Tag Archives: plays

Video: Tangible Orchestra plays for the masses



Tangible Orchestra – which was recently featured on the official Arduino blog – combines electronic and classical music in a three-dimensional space.

 Designed by Rebecca Gischel and Sebastian Walter, the installation is equipped with 112 ultrasonic sensors controlled by a single Atmel-based Arduino Mega (ATmega1280 MCU).

“Human interaction within Tangible Orchestra is made possible by 16 ultrasonic sensors on the inside of each cylinder, granting a 360 degree field of view. The sensors are run by one integrated microprocessor per cylinder, evaluating and comparing the readings of all sensors making very accurate assessments,” Gischel and Walker explained.

“To avoid interference between ultra sonic waves of different cylinders, the microprocessors run consecutively rather than simultaneously. All microprocessors are controlled, assessed and coordinated by one Arduino Mega.”

On the software side, Processing is used to communicate with Arduino and the microprocessors in each cylinder.

“It is programmed to coordinate the microprocessors, so that their sensors cast their rays consecutively as with 112 ultrasonic sensors operating at the same time, there would be a substantial risk of interference and acoustic shadow misreading. It also assesses the data coming from Arduino and, after verification, generates the output,” the duo continued.

“If a person detected within the bubble of a cylinder, Processing receives the digital information as an input from Arduino and stops muting the respective instrument which then joins into the melody. Processing also reads the values of each instrumental track to calculate the digital signals for the LEDs and controls the LED stripes inside of the cylinder.”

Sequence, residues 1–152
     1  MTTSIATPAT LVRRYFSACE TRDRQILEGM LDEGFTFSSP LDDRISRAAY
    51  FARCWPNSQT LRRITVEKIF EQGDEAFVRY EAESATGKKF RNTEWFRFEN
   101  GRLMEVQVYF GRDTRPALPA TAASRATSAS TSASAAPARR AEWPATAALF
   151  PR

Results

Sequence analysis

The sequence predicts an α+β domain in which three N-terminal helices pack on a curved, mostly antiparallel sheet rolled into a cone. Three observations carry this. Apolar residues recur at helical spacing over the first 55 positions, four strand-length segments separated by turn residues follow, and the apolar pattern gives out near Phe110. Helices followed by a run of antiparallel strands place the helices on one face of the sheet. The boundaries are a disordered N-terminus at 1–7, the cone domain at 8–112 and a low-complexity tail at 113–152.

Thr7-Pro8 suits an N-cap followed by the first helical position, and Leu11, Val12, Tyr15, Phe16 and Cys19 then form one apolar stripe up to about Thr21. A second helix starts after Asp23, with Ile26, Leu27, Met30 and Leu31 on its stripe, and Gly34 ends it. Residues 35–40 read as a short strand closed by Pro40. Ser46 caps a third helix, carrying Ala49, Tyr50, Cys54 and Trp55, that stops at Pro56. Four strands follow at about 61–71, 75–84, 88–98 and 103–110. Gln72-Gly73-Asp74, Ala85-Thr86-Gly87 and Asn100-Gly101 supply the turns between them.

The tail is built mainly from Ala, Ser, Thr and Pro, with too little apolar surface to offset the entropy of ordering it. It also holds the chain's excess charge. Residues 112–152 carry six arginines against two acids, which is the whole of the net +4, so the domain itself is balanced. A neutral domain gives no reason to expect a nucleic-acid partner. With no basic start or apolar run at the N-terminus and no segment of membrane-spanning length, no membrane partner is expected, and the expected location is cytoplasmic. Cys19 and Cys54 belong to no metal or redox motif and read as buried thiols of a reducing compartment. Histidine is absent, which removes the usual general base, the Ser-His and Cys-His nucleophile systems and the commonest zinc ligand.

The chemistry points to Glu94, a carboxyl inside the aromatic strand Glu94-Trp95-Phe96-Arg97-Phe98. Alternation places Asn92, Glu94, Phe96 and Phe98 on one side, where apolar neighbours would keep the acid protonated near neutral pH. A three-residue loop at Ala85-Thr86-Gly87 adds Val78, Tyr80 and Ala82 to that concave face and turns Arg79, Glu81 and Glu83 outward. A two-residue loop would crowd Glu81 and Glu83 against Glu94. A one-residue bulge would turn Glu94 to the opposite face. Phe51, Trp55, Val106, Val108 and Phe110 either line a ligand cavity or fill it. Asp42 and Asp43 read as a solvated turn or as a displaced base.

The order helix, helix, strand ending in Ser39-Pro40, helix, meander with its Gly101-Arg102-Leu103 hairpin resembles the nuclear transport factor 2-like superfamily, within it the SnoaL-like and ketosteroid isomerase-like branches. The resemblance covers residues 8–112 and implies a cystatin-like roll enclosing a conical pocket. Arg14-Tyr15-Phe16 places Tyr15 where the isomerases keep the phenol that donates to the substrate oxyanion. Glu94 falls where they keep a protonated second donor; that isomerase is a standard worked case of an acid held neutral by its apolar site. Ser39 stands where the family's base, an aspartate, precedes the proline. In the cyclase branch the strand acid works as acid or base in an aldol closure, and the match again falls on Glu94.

According to Gischel and Walter, each instrument is played by a separate speaker located in the base of each cylinder – with multiple sound outputs enabled via several external sound cards paired with the minim library by Damien Di Fede.

“When an instrument plays, the beats of the audible track are analyzed and consequently values are calculated to create an equalizer-like light beam,” the two concluded.

”The outcome is transferred via Arduino to a transformer, which converts the 5V Arduino signal into an 230V output operating 192 LEDs per cylinder. Another transformer converts 5V Arduino signals into 12V output powering LED stripes inside of each cylinder as soon as they are activated.”

Interested in learning more? You can check out the the project’s official page here.

Video: This LEGO robot plays iPad games

Uli Kilian has designed a Lego Technics robot to play freemium games. More specifically, the Arduino Uno-powered (Atmel ATmega328 MCU) ‘bot plays Jurassic Park Builder, a title that requires the user to remain active (or tap) every few minutes. In addition to the Atmel-based Uno, key project specs include an old iPad mounted on top of Technics wheels.

“It’s a really nice game with nice graphics. But I thought you could easily automate the tapping,” Kilian, a senior art director at UK-based medical animation studio Random 42 told Wired UK’s Nate Lanxon.

“The last time I did anything with Lego was when I was eight, and I’ve never done anything with Technic. I heard about the [Arduino] boards two weeks before and I knew I was going on holiday. I’m a 3D artist so all the stuff I do is virtual and I really wanted to do something in the real world, and I’d never done anything with micro-controllers before.”

In Jurassic Park Builder, dinosaurs have different time periods during which they offer money. Simply put, the more regularly you load the game up and tap the dinosaur, the more you earn.

“One [dino kicks in] after five minutes – you tap him and get points. Another is every ten minutes; another every 15 minutes and so on. But you might want to sleep. At that time, that’s when the automation kicks in,” Kilian explained.

“I put all the dinosaurs in one line [in the game’s virtual park landscape] and then set the distance between them equally so the arm can move between them easily.”

Interested in learning more? You can read Wired’s full write up here.